scorecardFed-up Tesla owners say they're so sick of Elon Musk's antics that they're ditching their cars
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Fed-up Tesla owners say they're so sick of Elon Musk's antics that they're ditching their cars

Tim Levin   

Fed-up Tesla owners say they're so sick of Elon Musk's antics that they're ditching their cars
LifeThelife3 min read
Elon Musk's controversial online persona is making some Tesla owners consider other electric cars.    Bruce Bennett/Getty Images
  • Some Tesla owners are done with the electric-car brand over Elon Musk's antics.
  • Musk was always outspoken, but lately, he's become increasingly political and controversial.

A self-described former Tesla fanboy, Bob Perkowitz was among the first few thousand people to reserve a Model S way back in 2009. He took delivery in 2012 and eventually upgraded to a 2017 edition of the same sedan.

He was planning to buy a 2022 model, too. Then things went off the rails.

Perkowitz is one of many Tesla owners rethinking their allegiance to the brand as Elon Musk becomes an increasingly erratic and polarizing figure online. Tesla's CEO has always been outspoken, but in recent months — and particularly after he bought Twitter — the persona on display to his 125 million Twitter followers has shifted from that of the occasionally irreverent, visionary entrepreneur to something decidedly more belligerent and political.

Tesla owners say Musk's antics are becoming too much

Perkowitz says he hasn't bought a new Tesla because of Musk's right-wing views, his tumultuous Twitter acquisition, and his radical emphasis on free speech, which Perkowitz believes will allow misinformation to run rampant on Twitter.

"Elon was a really good reason to buy the car," Perkowitz told Insider. "He had a great brand. He is not such a great brand anymore."

A Tesla Model X with its doors open.
John Byrne, a software CEO, told Insider he traded in his Model X for an Audi RS E-Tron GT after Musk's outbursts.      REUTERS/Francois Lenoir/File Photo

Alan Lasoff, of Calabasas, California, is currently leasing a Model Y SUV, but won't be getting another when his term expires. For him, the decision boils down to what he sees as the billionaire's hypocrisy and amplification of conspiracy theories.

"He told everybody he's buying Twitter because he wants it to be sort of apolitical, and on the eve of the election he says you should vote for Republicans," Lasoff told Insider. "He can have his opinion, but the thing I really despise in people is hypocrisy."

John Byrne, a software CEO in Maryland, hadn't been a huge fan of his 2020 Model X SUV for some time. He said it was creaky, vibrated at times, and was of an overall build quality that didn't justify its $95,000 price tag.

But Musk's behavior since the Twitter saga — particularly his broadcasting of right-wing views and attack on Anthony Fauci — was the final straw. Byrne traded in his car for an electric Audi in late 2022.

"I don't want to be a brand ambassador for them anymore," Byrne told Insider.

Tesla did not return a request for comment.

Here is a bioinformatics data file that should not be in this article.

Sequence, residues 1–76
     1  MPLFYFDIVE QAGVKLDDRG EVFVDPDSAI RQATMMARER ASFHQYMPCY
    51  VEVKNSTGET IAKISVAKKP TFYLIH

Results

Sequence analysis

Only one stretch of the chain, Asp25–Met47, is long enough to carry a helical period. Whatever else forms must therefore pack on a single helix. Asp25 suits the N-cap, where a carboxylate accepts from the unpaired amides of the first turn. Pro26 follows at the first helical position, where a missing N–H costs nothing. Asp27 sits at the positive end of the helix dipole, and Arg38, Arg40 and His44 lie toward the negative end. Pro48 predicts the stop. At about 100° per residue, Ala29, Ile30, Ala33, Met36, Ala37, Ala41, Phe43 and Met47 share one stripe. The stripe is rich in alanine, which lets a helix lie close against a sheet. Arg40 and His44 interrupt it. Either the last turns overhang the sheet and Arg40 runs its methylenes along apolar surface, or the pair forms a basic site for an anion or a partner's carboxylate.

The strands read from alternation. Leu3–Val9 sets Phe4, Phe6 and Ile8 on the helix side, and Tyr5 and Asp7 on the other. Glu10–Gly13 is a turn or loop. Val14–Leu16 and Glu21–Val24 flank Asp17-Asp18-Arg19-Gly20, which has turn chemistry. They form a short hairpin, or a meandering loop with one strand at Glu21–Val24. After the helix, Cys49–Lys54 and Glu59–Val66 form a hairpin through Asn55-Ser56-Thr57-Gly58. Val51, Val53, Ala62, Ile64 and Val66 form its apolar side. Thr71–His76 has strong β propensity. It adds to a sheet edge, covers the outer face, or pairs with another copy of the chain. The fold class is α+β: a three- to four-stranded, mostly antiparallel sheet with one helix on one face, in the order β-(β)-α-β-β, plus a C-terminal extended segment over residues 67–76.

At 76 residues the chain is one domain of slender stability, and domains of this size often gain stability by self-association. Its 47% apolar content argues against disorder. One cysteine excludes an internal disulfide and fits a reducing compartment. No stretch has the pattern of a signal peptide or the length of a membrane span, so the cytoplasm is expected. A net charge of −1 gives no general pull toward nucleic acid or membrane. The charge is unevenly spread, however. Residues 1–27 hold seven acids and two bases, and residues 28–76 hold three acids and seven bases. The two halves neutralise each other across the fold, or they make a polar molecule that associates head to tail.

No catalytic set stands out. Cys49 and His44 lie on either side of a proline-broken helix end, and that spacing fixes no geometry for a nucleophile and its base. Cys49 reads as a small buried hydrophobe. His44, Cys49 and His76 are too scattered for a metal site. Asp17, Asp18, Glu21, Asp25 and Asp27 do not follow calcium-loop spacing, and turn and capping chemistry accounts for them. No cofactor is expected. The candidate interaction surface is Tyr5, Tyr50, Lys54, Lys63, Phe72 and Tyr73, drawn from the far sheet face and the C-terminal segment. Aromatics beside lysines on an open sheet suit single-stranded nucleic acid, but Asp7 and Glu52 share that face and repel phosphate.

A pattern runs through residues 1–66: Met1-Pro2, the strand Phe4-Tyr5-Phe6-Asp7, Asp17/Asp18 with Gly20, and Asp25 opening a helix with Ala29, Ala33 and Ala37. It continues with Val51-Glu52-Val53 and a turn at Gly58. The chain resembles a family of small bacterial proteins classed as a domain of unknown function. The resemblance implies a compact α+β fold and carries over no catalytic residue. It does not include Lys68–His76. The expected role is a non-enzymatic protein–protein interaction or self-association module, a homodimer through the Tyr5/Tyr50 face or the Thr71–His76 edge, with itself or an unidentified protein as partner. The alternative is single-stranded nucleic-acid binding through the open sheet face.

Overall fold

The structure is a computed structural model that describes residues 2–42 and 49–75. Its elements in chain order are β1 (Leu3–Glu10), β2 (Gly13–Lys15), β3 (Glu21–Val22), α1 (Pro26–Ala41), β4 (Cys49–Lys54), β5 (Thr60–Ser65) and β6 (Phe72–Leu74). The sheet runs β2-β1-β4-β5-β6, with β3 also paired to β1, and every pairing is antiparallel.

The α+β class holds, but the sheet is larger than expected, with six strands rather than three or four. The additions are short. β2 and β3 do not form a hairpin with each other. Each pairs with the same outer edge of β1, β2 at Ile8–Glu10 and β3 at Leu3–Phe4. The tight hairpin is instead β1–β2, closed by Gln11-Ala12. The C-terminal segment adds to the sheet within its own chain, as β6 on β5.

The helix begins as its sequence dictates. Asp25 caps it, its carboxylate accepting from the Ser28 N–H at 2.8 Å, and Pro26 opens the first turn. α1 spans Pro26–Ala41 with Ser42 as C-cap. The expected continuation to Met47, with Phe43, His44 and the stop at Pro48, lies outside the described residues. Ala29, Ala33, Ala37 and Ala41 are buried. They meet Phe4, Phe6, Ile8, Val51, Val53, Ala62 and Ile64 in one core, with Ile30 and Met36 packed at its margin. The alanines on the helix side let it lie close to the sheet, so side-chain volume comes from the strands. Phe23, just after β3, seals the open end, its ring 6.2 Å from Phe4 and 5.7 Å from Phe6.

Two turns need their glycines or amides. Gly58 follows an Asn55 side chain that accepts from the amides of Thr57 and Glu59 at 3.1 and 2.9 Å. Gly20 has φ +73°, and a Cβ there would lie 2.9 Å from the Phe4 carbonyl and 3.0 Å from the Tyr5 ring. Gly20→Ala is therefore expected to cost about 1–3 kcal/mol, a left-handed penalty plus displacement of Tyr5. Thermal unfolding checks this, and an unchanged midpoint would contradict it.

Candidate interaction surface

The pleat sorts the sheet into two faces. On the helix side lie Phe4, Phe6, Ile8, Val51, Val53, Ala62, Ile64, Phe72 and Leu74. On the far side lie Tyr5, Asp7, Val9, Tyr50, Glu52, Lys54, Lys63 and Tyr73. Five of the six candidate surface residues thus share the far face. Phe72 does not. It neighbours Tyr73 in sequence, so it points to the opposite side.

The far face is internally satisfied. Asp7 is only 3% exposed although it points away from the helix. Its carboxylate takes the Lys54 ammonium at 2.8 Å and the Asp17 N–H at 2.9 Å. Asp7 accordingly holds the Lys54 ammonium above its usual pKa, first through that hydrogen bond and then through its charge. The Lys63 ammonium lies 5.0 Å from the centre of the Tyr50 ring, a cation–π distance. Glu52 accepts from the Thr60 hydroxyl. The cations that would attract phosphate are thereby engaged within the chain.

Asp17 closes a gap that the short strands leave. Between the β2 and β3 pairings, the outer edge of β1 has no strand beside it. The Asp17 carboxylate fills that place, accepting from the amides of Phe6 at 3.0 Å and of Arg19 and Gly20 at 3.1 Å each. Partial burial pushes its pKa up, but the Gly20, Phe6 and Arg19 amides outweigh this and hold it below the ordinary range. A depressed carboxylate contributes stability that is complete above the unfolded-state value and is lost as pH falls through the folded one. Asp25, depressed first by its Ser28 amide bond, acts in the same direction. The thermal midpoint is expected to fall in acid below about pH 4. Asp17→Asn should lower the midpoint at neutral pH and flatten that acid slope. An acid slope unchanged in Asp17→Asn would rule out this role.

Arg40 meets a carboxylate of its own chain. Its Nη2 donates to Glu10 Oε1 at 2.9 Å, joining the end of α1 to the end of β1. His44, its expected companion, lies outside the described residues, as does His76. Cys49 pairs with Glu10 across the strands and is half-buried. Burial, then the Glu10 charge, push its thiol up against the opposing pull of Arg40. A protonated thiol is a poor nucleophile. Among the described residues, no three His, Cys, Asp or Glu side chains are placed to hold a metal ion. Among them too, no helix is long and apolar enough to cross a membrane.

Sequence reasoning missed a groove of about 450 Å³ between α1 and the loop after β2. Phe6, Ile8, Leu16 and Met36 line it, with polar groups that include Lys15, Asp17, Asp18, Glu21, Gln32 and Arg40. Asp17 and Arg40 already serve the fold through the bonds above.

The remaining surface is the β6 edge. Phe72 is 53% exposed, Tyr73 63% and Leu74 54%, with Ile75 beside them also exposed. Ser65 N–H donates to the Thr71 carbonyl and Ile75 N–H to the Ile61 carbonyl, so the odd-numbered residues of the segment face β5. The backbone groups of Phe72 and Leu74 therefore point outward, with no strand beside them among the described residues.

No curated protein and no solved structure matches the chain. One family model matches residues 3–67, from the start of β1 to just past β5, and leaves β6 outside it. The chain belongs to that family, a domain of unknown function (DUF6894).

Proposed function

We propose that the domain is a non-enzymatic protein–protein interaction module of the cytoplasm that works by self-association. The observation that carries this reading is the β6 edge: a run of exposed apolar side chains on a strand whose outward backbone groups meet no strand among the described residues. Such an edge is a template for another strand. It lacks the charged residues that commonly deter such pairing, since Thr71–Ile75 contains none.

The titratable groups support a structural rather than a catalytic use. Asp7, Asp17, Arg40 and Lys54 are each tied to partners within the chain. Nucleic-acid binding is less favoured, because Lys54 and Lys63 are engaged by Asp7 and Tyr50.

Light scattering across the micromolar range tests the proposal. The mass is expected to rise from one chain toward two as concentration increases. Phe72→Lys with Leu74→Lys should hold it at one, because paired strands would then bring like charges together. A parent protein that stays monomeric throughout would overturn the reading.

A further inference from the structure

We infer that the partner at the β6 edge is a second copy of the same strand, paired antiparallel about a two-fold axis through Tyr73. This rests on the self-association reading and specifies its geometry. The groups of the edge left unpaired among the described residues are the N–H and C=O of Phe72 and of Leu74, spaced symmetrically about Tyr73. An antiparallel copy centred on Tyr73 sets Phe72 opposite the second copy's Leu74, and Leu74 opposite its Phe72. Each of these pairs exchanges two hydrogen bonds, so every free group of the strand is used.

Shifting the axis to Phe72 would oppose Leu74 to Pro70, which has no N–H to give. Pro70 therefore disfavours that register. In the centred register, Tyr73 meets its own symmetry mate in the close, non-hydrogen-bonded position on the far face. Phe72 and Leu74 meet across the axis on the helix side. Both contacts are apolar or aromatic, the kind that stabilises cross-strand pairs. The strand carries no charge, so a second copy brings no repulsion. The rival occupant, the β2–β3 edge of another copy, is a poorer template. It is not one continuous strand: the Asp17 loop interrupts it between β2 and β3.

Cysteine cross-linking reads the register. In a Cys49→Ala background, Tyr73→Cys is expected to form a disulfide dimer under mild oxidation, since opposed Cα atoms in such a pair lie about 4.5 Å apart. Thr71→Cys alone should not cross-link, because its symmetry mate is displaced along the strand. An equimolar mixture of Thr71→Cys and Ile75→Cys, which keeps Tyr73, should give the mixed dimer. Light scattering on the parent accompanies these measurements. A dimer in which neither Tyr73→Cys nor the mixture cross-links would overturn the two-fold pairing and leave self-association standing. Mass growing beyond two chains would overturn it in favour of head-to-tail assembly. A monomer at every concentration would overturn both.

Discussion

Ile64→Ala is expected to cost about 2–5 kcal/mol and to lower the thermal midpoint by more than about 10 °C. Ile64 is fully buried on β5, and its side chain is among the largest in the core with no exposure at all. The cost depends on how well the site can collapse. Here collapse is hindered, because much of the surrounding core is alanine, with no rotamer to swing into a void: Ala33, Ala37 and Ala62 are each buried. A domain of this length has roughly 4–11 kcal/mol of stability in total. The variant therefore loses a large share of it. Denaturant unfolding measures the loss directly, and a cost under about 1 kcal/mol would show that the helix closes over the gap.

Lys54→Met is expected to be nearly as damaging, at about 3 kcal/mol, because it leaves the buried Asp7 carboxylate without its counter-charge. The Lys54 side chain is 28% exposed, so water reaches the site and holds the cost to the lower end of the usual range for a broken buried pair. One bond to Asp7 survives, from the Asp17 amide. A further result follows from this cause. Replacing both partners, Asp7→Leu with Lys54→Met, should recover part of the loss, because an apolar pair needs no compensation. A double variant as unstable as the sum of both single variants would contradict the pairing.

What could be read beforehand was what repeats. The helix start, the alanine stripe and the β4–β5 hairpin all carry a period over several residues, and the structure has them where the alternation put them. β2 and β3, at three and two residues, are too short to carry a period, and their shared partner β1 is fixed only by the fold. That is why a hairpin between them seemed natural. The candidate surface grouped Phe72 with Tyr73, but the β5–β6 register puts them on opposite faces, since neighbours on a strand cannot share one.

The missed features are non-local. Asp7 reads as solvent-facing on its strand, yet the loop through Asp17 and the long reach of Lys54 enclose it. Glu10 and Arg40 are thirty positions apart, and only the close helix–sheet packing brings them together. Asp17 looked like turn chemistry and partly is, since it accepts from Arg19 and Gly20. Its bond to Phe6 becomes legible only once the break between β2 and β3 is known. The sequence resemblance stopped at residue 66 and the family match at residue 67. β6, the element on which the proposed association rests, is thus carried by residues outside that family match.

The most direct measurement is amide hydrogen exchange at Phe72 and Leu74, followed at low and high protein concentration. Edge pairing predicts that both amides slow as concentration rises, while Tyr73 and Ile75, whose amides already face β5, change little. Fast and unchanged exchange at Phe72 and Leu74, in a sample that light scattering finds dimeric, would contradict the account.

Musk may be attracting conservatives to the brand

Some recent studies back up the anecdotes. The research firm Morning Consult found that Tesla's net favorability rating among Democrats dropped by 20% between October and November. Favorability among Republicans improved slightly.

Tesla Model Y crossover
Tesla's share price dropped 65% in 2022.      Tesla

According to Matthew Quint, a brand expert at Columbia Business School, consumers are more likely to react poorly to a car company being controversial than another type of business. That's because a car is a long-term purchase that represents its owner to the outside world wherever they go — unlike, say, a can of Goya beans.

Moreover, Quint said, the five-figure outlay involved will make someone think harder about whom they're enriching and whether they agree with their views.

The turnaround among some fans comes at a trying time for the company.

After years of Teslas flying off of the shelves, the company is facing big questions about if consumer demand is waning. Amid those concerns, investor fears about Musk's preoccupation with Twitter, and slowing sales growth, Tesla's stock plummeted 65% in 2022.

Plus, Tesla is dealing with an aging product line while it faces unprecedented competition in the EV space, Sam Fiorani, vice president of global vehicle forecasting at AutoForecast Solutions, told Insider.

Still, it's unclear whether Musk's outbursts will deal a significant blow to Tesla's sales going forward. Things could balance out if Musk repels progressives while simultaneously selling lots of conservatives on his cars, Quint said. And if Musk wants to blunt the impact of his words, all he has to do is tone things down, Quint said.

Perkowitz agrees. He's been looking at the Hyundai Ioniq 5 and Polestar 2 as electric alternatives, but he's holding out hope that he'll be able to buy a Model S in good conscience.

"I've been kind of stalling, waiting for Elon to come to his senses and say something that makes sense," Perkowitz said. "But if he doesn't do it soon, I'll be driving the Polestar."

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